GUEST COLUMN: Don’t let stealth spell the end for BBC, by Roy Bainton

Picture: PA

Picture: PA

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According to BBC political editor Nick Robinson, on his election battle-bus David Cameron said of the BBC: “I’m going to close them down.”

Was he joking? However this government and Rupert Murdoch hate the BBC with a passion.

John Whittingdale, the culture secretary, called the £145 licence fee “worse than the poll tax.” Many TV viewers think they shouldn’t pay a licence fee because they watch shows on line. Others opt for online services – yet the BBC, at £12 a month, dominates the British airwaves, while Sky charges an average £47.

So let’s imagine life without the BBC. Does advertising get on your nerves? Take ITV’s two hour drama on December 27, Harry Price, Ghost Hunter. With eight commercial breaks it became almost unwatchable. If you’ve seen TV in the USA, the advertising situation is even worse, and the quality of TV in Europe, compared to the BBC, is exasperating. However, if our government diminishes our BBC, Britain’s broadcasting prowess will become a thing of the past. The British people, who once owned the nation’s gas, electricity, water, the phone system, Royal Mail, the railways and the mining industry, have just two cultural assets left - the NHS and the BBC. As with the NHS, the BBC will be demolished by stealth.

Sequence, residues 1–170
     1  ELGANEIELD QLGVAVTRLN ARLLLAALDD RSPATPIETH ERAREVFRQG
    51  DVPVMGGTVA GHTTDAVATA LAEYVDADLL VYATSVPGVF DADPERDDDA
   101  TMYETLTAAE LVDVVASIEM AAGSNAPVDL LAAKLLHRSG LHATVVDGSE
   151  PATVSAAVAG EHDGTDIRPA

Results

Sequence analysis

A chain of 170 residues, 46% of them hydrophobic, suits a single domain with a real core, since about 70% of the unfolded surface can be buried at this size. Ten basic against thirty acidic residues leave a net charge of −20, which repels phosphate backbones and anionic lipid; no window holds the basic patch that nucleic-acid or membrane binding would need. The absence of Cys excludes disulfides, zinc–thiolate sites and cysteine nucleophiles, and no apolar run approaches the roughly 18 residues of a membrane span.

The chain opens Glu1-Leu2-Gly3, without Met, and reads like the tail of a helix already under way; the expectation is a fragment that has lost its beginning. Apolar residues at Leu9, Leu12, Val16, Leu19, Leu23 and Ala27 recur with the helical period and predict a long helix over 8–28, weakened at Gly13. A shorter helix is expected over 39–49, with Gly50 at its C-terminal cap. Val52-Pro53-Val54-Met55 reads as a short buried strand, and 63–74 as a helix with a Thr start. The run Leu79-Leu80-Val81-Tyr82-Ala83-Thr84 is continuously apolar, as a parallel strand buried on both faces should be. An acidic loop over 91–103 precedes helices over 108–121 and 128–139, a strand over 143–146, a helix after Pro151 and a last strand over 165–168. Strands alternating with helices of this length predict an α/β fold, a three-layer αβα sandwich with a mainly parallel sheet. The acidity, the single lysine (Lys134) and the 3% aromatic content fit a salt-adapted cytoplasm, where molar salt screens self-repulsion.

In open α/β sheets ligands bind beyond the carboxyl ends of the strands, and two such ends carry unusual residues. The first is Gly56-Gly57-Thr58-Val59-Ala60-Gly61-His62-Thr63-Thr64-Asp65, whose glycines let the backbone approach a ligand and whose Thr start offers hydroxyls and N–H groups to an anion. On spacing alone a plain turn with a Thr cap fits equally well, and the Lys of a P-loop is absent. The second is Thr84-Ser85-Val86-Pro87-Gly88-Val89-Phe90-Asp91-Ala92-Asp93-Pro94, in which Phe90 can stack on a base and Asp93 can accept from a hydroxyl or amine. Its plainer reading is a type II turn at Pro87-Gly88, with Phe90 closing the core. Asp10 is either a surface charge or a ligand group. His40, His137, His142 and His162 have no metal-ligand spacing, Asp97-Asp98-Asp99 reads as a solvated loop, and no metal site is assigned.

The first move has already been made by removing the Department for Work and Pensions’ cost of exempting over-75s from the licence fee and loading it directly onto the BBC itself, thus adding an annual debt of £600m. Deliberate decriminalisation would lose the BBC £200m a year. So with new, vindictively inflicted massive debts and the current seven-year licence fee freeze, like the NHS, the strangulation of the British Broadcasting Corporation, once the finest in the world, by a government which hates the people owning anything, has begun.

Because Channel 4 supports itself through advertising, few people realise that it is, in fact, publicly owned. Although responsible to the Department for Business, Innovation and Skills, it remains independent. Yet already George Osborne is looking at selling it off.

The UK’s media is 85 per cent right wing, and when not daily attacking the NHS savages the BBC because conservatives suffer the illusion it is in some way politically ‘biased’. And yet if that’s the case, with 96 per cent of people using the BBC every week why were the Tories so victorious in May 2015? Perhaps they hate the BBC because its success and quality defies their market ideology. The BBC’s standard is the one that world broadcasting measures itself against. If we lose the BBC, an integral part of this country’s character will have vanished.